The Gilder Lehrman Institute of American History and Gettysburg College announced on February 15 that Caroline E. Janney, author of “Ends of War: The Unfinished Fight of Lee’s Army after Appomattox” (The University of North Carolina Press), is the recipient of the 2022 Gilder Lehrman Lincoln Prize.
Janney is the John L. Nau III Professor of the American Civil War and director of the John L. Nau Center for Civil War History at the University of Virginia (UVA). A graduate of UVA, she worked as a historian for the National Park Service and taught at Purdue University before returning to UVA in 2018. An active public lecturer, she has given presentations at locations across the globe. Janney is the past president of the Society of Civil War Historians and a series editor for the University of North Carolina Press’s Civil War America series. She has published seven books, including “Remembering the Civil War: Reunion and the Limits of Reconciliation” (2013) and “Buying and Selling Civil War Memory in Gilded Age America” (2021).
She will be recognized on April 14, during an award ceremony to be held at the Harvard Club in New York City. The award includes a $50,000 prize and a bronze replica of Augustus Saint-Gaudens’s life-sized bust, Lincoln the Man.
Janney’s “Ends of War” is a dramatic new history of the weeks and months after the Battle of Appomattox. It reveals that Robert E. Lee’s surrender was less an ending than the start of an interregnum marked by military and political uncertainty, legal and logistical confusion, and continued outbursts of violence. Janney takes readers from the deliberations of government and military authorities to the ground-level experiences of common soldiers. Ultimately, what unfolds is the messy birth narrative of the “lost cause,” laying the groundwork for the defiant resilience of rebellion in the years that followed.
“Deeply researched and beautifully written, ‘The Ends of War’ lets us see into the hearts and minds of Confederate soldiers in the crucial weeks and months of the Civil War’s fitful end,” said President of the Gilder Lehrman Institute of American History James G. Basker. “It is one of the best history books I have ever read, and the story she tells still resonates in our country today.”
Basker is one of the four Gilder Lehrman Lincoln Prize Board members who selected this year’s winner. In addition to Lewis E. Lehrman, a co-founder of the Gilder Lehrman Institute of American History and co-creator of the Gilder Lehrman Collection alongside the late Richard Gilder, other board members include Robert C. Daum, a trustee of the Gilder Lehrman Institute of American History, and Gettysburg College Trustee Larry D. Walker.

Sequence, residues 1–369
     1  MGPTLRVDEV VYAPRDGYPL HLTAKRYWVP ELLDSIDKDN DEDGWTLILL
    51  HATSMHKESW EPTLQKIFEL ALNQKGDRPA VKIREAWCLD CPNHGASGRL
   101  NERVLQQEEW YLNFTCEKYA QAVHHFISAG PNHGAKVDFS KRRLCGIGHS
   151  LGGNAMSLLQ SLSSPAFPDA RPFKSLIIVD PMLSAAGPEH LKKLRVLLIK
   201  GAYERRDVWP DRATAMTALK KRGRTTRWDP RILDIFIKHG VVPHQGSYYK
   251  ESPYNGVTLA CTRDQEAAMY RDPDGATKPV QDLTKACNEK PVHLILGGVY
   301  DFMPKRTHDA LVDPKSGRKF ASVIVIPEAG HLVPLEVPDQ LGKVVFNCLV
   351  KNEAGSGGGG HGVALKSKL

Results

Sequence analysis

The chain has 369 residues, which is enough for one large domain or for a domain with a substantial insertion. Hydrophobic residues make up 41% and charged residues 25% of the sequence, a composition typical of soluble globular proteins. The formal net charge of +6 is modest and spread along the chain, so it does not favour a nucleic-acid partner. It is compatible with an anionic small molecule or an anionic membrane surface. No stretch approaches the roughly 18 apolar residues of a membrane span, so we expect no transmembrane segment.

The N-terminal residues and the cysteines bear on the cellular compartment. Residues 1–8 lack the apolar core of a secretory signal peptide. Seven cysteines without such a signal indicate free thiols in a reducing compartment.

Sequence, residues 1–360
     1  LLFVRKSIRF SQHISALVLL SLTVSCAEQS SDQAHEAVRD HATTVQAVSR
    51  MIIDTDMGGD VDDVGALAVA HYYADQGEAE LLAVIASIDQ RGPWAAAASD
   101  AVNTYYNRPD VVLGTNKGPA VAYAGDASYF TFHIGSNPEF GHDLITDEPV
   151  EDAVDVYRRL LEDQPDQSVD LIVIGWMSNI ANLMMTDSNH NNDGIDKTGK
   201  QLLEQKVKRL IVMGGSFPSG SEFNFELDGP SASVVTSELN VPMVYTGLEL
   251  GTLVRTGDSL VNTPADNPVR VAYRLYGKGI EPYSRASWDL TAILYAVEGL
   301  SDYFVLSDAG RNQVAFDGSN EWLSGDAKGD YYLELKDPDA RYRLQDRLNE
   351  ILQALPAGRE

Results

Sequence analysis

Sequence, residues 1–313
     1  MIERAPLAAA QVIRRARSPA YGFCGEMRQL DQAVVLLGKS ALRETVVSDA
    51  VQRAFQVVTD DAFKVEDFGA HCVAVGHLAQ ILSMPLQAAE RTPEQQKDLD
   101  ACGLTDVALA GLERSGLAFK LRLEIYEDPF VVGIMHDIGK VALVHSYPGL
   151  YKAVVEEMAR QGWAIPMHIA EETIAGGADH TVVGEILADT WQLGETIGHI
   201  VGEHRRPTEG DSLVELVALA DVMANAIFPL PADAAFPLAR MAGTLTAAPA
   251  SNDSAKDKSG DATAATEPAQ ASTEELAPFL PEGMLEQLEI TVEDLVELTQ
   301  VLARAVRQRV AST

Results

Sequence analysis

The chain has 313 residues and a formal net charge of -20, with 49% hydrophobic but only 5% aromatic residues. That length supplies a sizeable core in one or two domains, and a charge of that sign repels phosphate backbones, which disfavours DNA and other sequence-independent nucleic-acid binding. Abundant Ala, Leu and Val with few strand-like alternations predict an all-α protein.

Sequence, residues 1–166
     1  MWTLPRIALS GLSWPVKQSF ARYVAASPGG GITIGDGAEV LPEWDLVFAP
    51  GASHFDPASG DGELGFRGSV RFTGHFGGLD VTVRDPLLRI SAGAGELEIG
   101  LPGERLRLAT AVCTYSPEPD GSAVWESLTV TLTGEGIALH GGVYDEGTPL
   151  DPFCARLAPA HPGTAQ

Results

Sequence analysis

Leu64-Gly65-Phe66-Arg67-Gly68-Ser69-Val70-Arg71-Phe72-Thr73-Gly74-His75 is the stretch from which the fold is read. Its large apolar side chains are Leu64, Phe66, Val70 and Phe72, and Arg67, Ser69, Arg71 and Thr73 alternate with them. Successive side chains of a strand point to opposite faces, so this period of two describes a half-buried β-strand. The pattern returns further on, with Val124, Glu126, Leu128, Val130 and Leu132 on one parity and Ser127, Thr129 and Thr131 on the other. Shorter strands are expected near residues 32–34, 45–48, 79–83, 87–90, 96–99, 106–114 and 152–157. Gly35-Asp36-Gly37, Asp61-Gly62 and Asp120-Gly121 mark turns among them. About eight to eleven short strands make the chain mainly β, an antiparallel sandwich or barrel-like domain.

“Dr. Janney’s fascinating research sheds new light on an often-overlooked subject—how does war end for the common soldier—which resonates still today even as it did at the end of the Civil War,” Walker said. “This book places you beside the Confederate soldier as he wrestles with surrender, the nature of the war’s ending, and the cause for which he sacrificed. A groundbreaking work.”
The laureate was one of seven finalists recommended to the board by a three-person jury: Jonathan W. White, award-winning author and professor of American studies at Christopher Newport University; Carol Reardon, George Winfree Professor emerita of American history at Pennsylvania State University and adjunct professor of Civil War era studies at Gettysburg College; and Amy Murrell Taylor, T. Marshall Hahn Jr. Professor and 2020-21 Distinguished Professor in the Department of History at the University of Kentucky College of Arts and Sciences.
The jury wrote in their report to the board, “[Janney’s] narrative seamlessly blends military, social, and political history, taking readers across the war-torn landscape as individuals and groups of soldiers decide what their next steps will be. By slowing down the pace of the story, Janney brings readers back to those contingent moments when the war’s outcome still seemed unclear. The story Janney tells is so compelling that readers may, at times, forget that they already know the outcome. In short, Janney succeeds in saying something new and important about the Civil War, using a diversity of voices, including soldiers and civilians, political and military leaders, and freedpeople.”
The six other finalists that the jury selected from 91 nominations include:
- Andrew F. Lang, “A Contest of Civilizations: Exposing the Crisis of American Exceptionalism in the Civil War Era” (University of North Carolina Press)
- Kate Masur, “Until Justice Be Done: America’s First Civil Rights Movement, from the Revolution to Reconstruction” (W. W. Norton)
- James Oakes, “The Crooked Path to Abolition: Abraham Lincoln and the Antislavery Constitution” (W. W. Norton)
- Alaina Roberts, “I’ve Been Here All the While: Black Freedom on Native Land” (University of Pennsylvania Press)
- John M. Sacher, “Confederate Conscription and the Struggle for Southern Soldiers” (Louisiana State University Press)
- Kevin Waite, “West of Slavery: The Southern Dream of a Transcontinental Empire” (University of North Carolina Press)